The highlight of this set of new stamps are those for Hawaii Volcanoes National Park, located on the big island of Hawaii. This park is a UNESCO World Heritage Site and world-famous as easily the best place on Earth to witness a volcanic eruption in action. This year, the park celebrates its centennial, along with the National Park Service as a whole. The special centennial logo includes both of the park’s main volcanic features, the actively erupting crater of Kilauea is in the center, and the occasionally snow-capped Mauna Loa volcano is in the background. Also included in the logo are the park’s pristine night sky, the endangered nene goose, a Hawaiian petroglyph, and the flower of the ‘ōhi‘a tree. This flower is considered sacred to Pele, the native Hawaiian goddess of fire and volcanoes, and whom was believed to live in the Halema‘uma‘u Crater of Kilauea.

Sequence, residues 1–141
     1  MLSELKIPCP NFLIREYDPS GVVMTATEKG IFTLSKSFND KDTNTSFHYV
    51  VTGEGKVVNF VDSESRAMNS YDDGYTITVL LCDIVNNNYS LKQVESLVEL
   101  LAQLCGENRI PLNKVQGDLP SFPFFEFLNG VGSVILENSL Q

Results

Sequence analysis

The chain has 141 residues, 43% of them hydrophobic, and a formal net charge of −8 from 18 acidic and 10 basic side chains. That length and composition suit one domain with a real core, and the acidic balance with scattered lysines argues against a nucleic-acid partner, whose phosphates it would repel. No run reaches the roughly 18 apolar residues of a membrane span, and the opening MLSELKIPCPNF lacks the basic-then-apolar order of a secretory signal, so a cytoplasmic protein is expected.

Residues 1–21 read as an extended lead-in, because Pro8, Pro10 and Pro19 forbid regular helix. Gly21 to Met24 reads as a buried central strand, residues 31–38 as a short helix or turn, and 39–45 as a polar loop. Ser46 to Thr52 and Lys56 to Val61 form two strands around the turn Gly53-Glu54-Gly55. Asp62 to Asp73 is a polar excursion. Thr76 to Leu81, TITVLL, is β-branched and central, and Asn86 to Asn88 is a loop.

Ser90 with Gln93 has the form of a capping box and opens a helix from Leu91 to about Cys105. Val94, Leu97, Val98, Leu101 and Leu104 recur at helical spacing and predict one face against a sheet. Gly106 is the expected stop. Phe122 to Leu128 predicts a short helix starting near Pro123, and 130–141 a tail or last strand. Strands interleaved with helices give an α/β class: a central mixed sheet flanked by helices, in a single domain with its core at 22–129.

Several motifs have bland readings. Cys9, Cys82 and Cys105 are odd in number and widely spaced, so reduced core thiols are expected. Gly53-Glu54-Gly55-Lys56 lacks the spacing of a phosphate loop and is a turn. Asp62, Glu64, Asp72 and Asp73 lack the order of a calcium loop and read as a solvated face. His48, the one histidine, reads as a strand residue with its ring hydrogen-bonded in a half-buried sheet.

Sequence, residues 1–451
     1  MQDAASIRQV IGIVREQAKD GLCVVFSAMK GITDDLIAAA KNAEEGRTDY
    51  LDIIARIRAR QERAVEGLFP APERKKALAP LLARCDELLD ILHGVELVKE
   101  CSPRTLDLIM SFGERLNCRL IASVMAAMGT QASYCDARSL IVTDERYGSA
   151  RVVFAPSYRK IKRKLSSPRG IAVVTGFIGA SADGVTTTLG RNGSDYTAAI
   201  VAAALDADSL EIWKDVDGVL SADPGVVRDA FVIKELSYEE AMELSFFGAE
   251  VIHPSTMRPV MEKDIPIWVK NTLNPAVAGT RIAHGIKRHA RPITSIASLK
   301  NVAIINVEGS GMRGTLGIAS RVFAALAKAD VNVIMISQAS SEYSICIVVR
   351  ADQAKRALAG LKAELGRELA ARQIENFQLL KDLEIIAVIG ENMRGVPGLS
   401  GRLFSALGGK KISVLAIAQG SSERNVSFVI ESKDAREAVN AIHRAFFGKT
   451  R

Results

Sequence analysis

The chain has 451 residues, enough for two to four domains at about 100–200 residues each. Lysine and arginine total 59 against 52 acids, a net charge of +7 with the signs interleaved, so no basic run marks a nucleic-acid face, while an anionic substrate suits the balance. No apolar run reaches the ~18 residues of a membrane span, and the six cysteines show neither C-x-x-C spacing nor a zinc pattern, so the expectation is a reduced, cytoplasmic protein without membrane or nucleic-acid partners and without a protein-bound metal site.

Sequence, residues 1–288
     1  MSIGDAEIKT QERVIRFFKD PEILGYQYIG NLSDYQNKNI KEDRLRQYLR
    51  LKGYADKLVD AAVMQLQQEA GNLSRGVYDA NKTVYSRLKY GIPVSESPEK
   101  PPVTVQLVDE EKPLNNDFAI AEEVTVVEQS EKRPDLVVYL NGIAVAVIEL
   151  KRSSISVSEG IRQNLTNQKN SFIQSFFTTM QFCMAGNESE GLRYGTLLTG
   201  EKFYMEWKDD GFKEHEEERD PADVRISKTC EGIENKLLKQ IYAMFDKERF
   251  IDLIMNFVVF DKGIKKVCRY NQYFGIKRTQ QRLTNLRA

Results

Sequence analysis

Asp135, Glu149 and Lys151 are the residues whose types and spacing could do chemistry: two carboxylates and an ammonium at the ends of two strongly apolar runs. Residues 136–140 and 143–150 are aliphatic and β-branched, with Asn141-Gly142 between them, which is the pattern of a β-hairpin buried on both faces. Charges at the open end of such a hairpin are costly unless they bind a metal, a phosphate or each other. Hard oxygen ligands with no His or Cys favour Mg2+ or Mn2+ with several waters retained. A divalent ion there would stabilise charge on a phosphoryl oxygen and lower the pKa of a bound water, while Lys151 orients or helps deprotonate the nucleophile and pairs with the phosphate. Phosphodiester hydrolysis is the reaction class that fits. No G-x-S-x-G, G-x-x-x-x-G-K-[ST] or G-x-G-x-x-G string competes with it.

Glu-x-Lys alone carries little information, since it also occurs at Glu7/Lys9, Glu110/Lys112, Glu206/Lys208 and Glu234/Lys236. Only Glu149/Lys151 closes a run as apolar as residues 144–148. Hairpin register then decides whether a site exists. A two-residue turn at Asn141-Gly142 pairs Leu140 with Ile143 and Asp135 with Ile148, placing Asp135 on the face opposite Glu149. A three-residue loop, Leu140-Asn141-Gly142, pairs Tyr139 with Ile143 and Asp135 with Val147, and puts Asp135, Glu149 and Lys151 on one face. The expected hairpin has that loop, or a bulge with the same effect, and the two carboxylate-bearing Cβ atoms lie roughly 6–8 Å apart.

Since the beginning of the Passport program in 1986, Hawaii Volcanoes National Park has had a single cancellation, labeled as “Hawaii National Park, Hawaii;” available at each of the park’s visitor contact locations. This label was a perhaps unintentional tribute to the fact that the park was originally established as Hawaii National Park in 1916, and at that time, the park also included what is now known as Haleakala National Park on the island of Maui. The two parks were separated in 1961. Now the park will have separate cancellations at each of its main visitor contact points, including the Kilauea Visitor Center and the Jaggar Museum. The Kilauea Visitor Center is located at the park entrance, very near the rim of Kilauea Crater. The Thomas A. Jagger museum is devoted to the history of volcanology, or the study of volcanoes. Located 3 miles from the Kilauea Visitor Center on the Crater Rim Road, it has a spectacular overlook for viewing the ongoing eruption, right on the edge of the crater itself. The park has a short online tour of the Crater Rim Road for those of us who can’t make it out to Hawaii any time soon!